The Cymru men’s football team are only a few short weeks away from kicking off their opening group match of their first World Cup campaign in 64 years. Rob Page and his team will have the hopes and dreams of a nation behind them, as well as the eyes of a projected global audience of 5 billion.
Given the scale of the estimated audience, the Minister for Economy has said that the World Cup is the most significant marketing and sports diplomacy opportunity ever presented to Wales, offering “a platform to take Wales to the world”. But how does the Welsh Government plan on capitalising on this occasion to promote Wales globally?
The power of sports in international relations
Sports diplomacy is a term which describes the use of sport as a diplomatic tool which countries use to promote their values and enhance their influence globally. It can bring about several economic benefits by making a country an attractive place to invest or study in, as well as trade with and visit.
The Welsh Government is already engaging in sports diplomacy and a 2018 report from the British Council said that sport was a particular strength for Wales internationally where its successes have boosted its international standing and reputation. An important facet of the Welsh Government’s international strategy is to raise Wales’ profile by utilising the platform of major sporting events. For example, in 2019 the First Minister led one of Wales’ biggest ever trade missions to Japan which took place alongside the Rugby World Cup.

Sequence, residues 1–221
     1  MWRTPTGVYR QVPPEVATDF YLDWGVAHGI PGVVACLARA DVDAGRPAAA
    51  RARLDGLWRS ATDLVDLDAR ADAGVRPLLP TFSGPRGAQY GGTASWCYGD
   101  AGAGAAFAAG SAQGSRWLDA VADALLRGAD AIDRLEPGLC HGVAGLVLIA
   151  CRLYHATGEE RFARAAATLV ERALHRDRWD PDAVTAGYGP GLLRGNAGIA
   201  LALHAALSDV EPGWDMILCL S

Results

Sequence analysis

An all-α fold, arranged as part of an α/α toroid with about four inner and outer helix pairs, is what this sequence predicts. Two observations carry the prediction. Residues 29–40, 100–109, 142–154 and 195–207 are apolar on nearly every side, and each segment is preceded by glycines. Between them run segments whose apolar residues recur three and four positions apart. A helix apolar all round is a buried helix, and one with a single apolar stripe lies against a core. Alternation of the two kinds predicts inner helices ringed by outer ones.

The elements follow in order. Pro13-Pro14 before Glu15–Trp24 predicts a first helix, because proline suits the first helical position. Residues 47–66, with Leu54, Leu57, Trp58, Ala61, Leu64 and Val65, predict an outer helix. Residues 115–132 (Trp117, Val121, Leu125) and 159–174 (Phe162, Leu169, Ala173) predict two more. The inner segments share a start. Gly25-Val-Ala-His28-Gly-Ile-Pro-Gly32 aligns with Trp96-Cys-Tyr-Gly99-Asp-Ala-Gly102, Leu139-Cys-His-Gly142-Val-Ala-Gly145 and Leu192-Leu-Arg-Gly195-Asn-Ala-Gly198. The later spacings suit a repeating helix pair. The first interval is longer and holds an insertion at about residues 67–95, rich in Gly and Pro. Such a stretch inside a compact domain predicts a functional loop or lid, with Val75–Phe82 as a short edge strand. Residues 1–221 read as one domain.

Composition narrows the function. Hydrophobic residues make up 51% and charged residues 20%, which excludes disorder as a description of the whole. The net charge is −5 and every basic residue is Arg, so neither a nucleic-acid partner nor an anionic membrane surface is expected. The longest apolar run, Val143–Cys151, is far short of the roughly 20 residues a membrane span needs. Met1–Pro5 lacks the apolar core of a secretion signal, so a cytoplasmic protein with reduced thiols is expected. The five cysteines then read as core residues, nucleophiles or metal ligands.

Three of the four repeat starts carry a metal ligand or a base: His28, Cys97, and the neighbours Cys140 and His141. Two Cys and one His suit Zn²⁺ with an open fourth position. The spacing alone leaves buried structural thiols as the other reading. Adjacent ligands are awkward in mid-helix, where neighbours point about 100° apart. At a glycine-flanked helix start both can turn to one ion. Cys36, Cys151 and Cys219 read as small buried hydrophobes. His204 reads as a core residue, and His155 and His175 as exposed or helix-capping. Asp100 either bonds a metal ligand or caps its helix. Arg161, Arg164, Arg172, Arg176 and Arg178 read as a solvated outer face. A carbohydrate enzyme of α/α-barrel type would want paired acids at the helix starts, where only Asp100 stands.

Some academics have argued that Wales should join a growing list of countries around the world with specific sports diplomacy strategies as part of wider international relations campaigns.
What is the Welsh Government doing to promote Wales at the World Cup?
The Minister for Economy, Vaughan Gething is the lead Minister responsible for coordinating the Government’s programme of activities for the World Cup. The Government’s core objectives include:
- the promotion of Wales;
- projecting our values;
- ensuring the safety of Welsh citizens at the event; and
- securing a positive and lasting legacy.
The Minister announced details of the programme of activities surrounding the World Cup in September. He outlined a number of actions the Government is taking on its own or alongside partner organisations. The programme is focused on four core strands:
- An ‘enhanced marketing campaign’ with a budget of £2.5m which includes a focus on targeting markets in Wales, USA, UK (mainly England) and some activities in Qatar. The campaign will also deliver activities with fans, partners and diaspora.
- A World Cup Partner Support Fund that aims to add value to a small number of projects that can deliver against the Government’s core objectives. The Government launched the application process in August to which 19 organisations were successful, receiving a total of £1.8m between them. Some of the successful applications included the FAW (£500,000), Arts Council Wales/Y Wal Goch (£100,000), Urdd Gobaith Cymru (£77,783), and the Barry Horns (£17,032).